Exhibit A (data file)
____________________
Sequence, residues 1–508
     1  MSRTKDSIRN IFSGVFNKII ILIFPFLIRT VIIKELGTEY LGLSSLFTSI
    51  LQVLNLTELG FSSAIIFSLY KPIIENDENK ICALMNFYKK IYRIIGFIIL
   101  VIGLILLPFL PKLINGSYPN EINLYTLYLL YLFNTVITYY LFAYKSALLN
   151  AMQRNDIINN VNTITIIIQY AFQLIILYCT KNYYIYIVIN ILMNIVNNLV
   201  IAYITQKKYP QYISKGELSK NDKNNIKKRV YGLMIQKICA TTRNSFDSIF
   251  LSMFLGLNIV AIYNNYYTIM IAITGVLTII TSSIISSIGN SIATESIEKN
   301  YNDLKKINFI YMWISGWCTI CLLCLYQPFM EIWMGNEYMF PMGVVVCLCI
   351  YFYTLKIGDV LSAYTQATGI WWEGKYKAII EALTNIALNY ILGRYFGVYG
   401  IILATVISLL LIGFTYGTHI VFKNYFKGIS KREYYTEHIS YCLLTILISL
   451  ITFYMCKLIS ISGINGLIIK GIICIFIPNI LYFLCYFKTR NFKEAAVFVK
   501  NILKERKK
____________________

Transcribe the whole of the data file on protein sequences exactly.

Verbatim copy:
Sequence, residues 1–508
     1  MSRTKDSIRN IFSGVFNKII ILIFPFLIRT VIIKELGTEY LGLSSLFTSI
    51  LQVLNLTELG FSSAIIFSLY KPIIENDENK ICALMNFYKK IYRIIGFIIL
   101  VIGLILLPFL PKLINGSYPN EINLYTLYLL YLFNTVITYY LFAYKSALLN
   151  AMQRNDIINN VNTITIIIQY AFQLIILYCT KNYYIYIVIN ILMNIVNNLV
   201  IAYITQKKYP QYISKGELSK NDKNNIKKRV YGLMIQKICA TTRNSFDSIF
   251  LSMFLGLNIV AIYNNYYTIM IAITGVLTII TSSIISSIGN SIATESIEKN
   301  YNDLKKINFI YMWISGWCTI CLLCLYQPFM EIWMGNEYMF PMGVVVCLCI
   351  YFYTLKIGDV LSAYTQATGI WWEGKYKAII EALTNIALNY ILGRYFGVYG
   401  IILATVISLL LIGFTYGTHI VFKNYFKGIS KREYYTEHIS YCLLTILISL
   451  ITFYMCKLIS ISGINGLIIK GIICIFIPNI LYFLCYFKTR NFKEAAVFVK
   501  NILKERKK